Deloitte launched the #ImpactThatMatters social media campaign in December to coincide with the World Economic Forum in Davos, Switzerland, which took place in January. The hashtag asked what issues matter and what world leaders – and business in particular – should be doing to make a difference regarding those issues. Deloitte’s 2015 Millennial Survey echoed the hashtag.
The survey, which included more than 7,800 millennials and represented 29 countries around the globe, reported that for millennials, a “sense of purpose” was often cited as part of the reason they chose to work for their current employers.
“The message is clear,” Deloitte Global CEO Barry Salzberg said. “When looking at their career goals, today’s millennials are just as interested in how a business develops its people and its contribution to society as they are in its products and profits. These findings should be viewed as a valuable alarm to the business community, particularity in developed markets, that they need to change the way they engage millennial talent or risk being left behind.”
The MACPA’s research has echoed these claims, and as a millennial myself, I’d also have to agree.
In the fall of 2012, after a little more than three years at a great firm, I had a light bulb moment that public accounting was just not for me. (You can read more of my story here.) After talking with management and giving notice, I walked back to my cube and wrote the following list of attributes I wanted in my next career.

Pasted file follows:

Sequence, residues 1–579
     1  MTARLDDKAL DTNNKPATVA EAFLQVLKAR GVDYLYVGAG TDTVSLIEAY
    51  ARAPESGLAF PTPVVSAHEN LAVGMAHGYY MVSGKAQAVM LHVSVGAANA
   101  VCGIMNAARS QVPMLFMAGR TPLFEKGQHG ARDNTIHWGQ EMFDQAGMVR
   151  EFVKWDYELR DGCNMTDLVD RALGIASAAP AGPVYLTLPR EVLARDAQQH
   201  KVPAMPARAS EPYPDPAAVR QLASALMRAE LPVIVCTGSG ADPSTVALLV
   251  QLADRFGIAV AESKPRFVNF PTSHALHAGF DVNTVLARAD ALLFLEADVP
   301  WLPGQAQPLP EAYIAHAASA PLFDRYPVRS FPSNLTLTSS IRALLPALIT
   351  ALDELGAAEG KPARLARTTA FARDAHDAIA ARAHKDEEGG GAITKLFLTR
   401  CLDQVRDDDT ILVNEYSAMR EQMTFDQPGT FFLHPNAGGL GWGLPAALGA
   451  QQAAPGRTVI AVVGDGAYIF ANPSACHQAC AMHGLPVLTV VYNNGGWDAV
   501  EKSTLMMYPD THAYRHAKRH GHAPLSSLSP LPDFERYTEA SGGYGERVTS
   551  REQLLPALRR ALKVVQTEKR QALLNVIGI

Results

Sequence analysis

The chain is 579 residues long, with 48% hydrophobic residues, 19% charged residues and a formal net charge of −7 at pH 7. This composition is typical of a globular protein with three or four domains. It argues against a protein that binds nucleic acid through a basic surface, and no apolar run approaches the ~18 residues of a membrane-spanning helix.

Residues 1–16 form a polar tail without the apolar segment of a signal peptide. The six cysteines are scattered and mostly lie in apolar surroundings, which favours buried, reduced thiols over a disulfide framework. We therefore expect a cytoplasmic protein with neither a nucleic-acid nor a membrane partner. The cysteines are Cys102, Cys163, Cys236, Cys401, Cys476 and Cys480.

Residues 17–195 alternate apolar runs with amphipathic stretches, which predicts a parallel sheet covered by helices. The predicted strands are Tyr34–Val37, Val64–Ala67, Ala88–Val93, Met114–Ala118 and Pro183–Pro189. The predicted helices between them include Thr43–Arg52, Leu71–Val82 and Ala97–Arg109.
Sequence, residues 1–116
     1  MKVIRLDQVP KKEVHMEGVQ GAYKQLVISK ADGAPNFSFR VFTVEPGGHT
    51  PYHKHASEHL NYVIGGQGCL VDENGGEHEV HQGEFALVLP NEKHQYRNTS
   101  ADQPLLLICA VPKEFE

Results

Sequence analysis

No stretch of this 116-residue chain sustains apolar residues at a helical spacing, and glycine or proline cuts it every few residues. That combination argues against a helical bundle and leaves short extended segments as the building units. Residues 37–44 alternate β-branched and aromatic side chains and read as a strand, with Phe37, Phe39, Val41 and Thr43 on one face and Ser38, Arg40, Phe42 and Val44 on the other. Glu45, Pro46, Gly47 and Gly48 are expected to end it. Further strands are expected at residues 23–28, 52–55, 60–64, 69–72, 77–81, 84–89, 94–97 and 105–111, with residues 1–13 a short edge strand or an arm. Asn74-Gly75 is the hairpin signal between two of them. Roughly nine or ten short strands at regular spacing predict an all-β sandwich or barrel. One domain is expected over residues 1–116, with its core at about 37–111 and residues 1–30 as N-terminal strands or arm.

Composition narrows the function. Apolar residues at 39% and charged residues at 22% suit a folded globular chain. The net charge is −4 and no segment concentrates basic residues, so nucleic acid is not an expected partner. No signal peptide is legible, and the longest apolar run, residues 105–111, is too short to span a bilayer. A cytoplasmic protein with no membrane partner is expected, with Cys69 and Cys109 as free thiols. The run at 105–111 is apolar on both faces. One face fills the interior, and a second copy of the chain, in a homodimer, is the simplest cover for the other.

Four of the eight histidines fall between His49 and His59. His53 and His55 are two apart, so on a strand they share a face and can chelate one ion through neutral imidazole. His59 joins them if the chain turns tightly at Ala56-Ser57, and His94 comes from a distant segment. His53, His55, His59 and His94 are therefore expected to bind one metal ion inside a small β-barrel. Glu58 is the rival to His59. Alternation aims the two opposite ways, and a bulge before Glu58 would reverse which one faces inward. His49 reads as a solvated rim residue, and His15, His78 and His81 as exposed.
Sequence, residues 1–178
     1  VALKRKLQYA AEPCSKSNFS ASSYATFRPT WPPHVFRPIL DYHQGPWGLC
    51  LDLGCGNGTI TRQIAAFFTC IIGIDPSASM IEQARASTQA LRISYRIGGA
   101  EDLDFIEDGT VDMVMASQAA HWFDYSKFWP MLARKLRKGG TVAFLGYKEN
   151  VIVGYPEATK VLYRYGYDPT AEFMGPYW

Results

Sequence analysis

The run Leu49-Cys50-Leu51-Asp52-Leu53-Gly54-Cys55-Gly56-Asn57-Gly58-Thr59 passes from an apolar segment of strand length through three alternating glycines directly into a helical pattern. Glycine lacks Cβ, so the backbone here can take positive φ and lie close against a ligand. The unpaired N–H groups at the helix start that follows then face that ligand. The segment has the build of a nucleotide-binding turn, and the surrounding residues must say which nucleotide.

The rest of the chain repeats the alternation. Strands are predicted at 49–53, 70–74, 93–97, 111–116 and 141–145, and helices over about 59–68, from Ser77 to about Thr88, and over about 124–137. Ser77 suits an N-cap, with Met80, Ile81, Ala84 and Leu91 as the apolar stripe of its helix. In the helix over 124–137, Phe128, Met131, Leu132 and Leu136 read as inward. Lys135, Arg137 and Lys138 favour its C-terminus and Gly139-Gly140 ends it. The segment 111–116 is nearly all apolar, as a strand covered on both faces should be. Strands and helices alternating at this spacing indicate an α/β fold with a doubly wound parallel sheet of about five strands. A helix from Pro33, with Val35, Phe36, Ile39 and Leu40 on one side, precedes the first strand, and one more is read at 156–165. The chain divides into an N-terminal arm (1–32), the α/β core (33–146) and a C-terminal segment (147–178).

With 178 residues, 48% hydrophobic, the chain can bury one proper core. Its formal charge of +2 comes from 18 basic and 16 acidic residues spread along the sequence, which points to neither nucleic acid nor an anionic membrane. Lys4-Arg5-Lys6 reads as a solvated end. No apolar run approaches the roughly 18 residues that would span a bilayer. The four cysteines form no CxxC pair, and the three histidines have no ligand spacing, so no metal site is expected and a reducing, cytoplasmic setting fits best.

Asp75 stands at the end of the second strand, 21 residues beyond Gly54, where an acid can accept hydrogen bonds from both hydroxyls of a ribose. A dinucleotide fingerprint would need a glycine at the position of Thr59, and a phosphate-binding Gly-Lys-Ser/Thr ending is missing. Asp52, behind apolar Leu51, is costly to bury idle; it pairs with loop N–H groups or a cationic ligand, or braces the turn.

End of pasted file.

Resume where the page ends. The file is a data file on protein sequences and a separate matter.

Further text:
Excuse the awful handwriting; it’s clearly not one of my strengths.
See that first one? But this wasn’t just because I am a stereotypical millennial, which I’ll admit I am at times. This list – the entire list – was made because I had been given the opportunity to learn about myself. My strengths and values, as identified and confirmed by several surveys, are all over this list.
For the millennial generation (and really all generations) and its employers, maybe it shouldn’t just be about having flexibility, work-life balance, or even having a “sense of purpose.” Maybe it should be about the whole person, the cultural fit, the matching of strengths and values, because in the long run, that is what keeps employees engaged.
I am happy to report that I found a rewarding career that fits me and the items I was looking for. I keep that list at my desk to remind me every day how blessed I am to work for MACPA.
What would your list say? What do you think your employees’ lists would say? What are you doing to find out?
Here are two places you can start: